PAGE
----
Business-like, isn't he?


 

 


Business in Vancouver: News that works for you

    Apple's remarkable Macintosh may just wind up a victim of its own success at innovation


    by Alan Zisman (c) 1996 First published in Business in Vancouver ,  Issue #328  February 6, 1996 High Tech Office  column

    The vast majority of personal computers are members of that broad, ill-defined species, the PC, which is somehow related to IBM's original 1981 PC. But what about the rest? In particular, what about the 10 per cent or so that are Macs--Apple Macintoshes?

    Macs exist in a funny sort of limbo: many years, Apple Corporation ships more Macs than any other computer manufacturer, yet is considered a fringe manufacturer. Despite a reputation (based on reality) of being easier to use, easier to network, and easier to add hardware to, it remains unacceptable to most of the business community. Despite being the computing platform of choice in most schools and among graphics professionals, and despite having a strong range of word-processing, database, and spreadsheet software, it isn't accepted in most offices. And despite continuing to post strong sales of both desktop and notebook models, Apple Corp. is considered to be in trouble, and a possible candidate for buyout.

    Ironically, Apple's current problems have arisen at a time when it has closed the gap on much of what the business world has considered its main liabilities: the price gap between Macs and comparable PCs has shrunk, and with Apple's switch to models built around the PowerPC chip, new Macs run standard office software just as quickly as do PCs.

    Add the ability of Mac users to share data with PCs and even to write to PC floppy disks and interact with PC-based Novell networks, and you'd think they'd be able to build a stronger following in the business world.

    In some instances, they have. Business in Vancouver remains predominantly Mac-based, from the page designers' to the reporters' desktops. That's equally true of many companies involved in publishing. But take a look at Calgary-based TransCanada PipeLines--certainly not your stereotypical Mac shop. Macs were well-established there by 1986, and today there are 2,300. TransCanada PipeLines likes the fact that there's typically less user support needed, saving a bundle over the life of the machine.

    Computer analysts The Gartner Group have estimated the cost of ownership of a typical business personal computer. They suggest that a networked Windows 3.1-based PC, running an average of four applications, will cost an average of $41,000 over five years--much of this in unrecognized support costs. By comparison, an average Windows 95 machine will cost $35,859. But a Mac, running the latest System 7.5, comes in lowest of all at $35,124, with end user operating costs of about $3,400 per year.

    As these figures indicate, however, Windows 95 systems are approaching Macs in overall cost of operation, and in usability as well. And that's part of the problem for Apple. Claims that "Windows 95 = Macintosh 1987" don't matter to most users. They're more interested in what can they accomplish today. With its newly added long file names and hardware Plug 'n' Play (yes, available on Macs for a decade or more), Windows 95 has narrowed the usability gap. And with pre-emptive multitasking, Windows 95 gets a productivity edge on Copland, Apple's System 8 operating system, which might have it for some time next year.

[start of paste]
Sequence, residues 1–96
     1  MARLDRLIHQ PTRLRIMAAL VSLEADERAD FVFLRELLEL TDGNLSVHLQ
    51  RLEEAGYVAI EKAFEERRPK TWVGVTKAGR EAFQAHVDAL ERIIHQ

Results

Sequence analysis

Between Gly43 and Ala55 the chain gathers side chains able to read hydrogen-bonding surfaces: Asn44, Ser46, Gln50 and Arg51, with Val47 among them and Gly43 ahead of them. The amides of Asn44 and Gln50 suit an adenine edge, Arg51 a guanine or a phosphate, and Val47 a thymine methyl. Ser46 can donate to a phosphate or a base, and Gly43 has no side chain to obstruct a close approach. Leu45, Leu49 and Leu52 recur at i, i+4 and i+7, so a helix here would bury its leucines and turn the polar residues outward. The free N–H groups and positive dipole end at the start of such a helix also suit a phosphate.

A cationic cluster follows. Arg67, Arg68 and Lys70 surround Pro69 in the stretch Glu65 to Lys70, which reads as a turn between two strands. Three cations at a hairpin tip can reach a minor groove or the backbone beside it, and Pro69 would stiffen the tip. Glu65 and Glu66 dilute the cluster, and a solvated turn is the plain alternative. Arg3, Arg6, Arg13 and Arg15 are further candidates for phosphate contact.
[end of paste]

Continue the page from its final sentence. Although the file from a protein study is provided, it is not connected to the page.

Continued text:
Apple has had other problems as well--paradoxically, often as a result of increased sales. Last year, it began seeking other manufacturers which wanted to make Mac clones, hoping to expand the user base. But shortages in vital computer chips have caused it to limit the number of clones that it will license.

    Similarly, shortages of popular PowerMac notebooks have kept sales restricted, and when they were forced to recall their flagship PowerMac model (the batteries started catching fire--including several in Apple's own offices), shipments were suspended.

    Sales are up, but profits are down. Part of the problem is that Apple nets a lot less with each low-priced model sold than it does with the high-end machines. It wants to focus on increasing sales of the more profitable models, but unless it builds its customer base, primarily through selling more low-profit, entry-level machines, it will continue to be perceived as a fringe platform.

    Apple has a fanatically loyal customer base, whose stability has been one of the company's strengths. But to the extent that Mac users are seen as a sort of cult group, it again becomes difficult to break into wider business circles.

    Apple and its Macintosh line have played an important role in the evolution of computers for business use, if only by providing an example of features that the Windows-using majority has tried to emulate. But while pioneering features that are increasingly taken for granted by computer users, Apple has remained outside the business mainstream. Rumours abound of Sony, Oracle, even IBM as prospective purchasers. Let's see if 1996 is the year that Apple finally becomes a victim of its own success in changing the way we all work with our computers.



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Alan Zisman is a Vancouver educator, writer, and computer specialist. He can be reached at E-mail Alan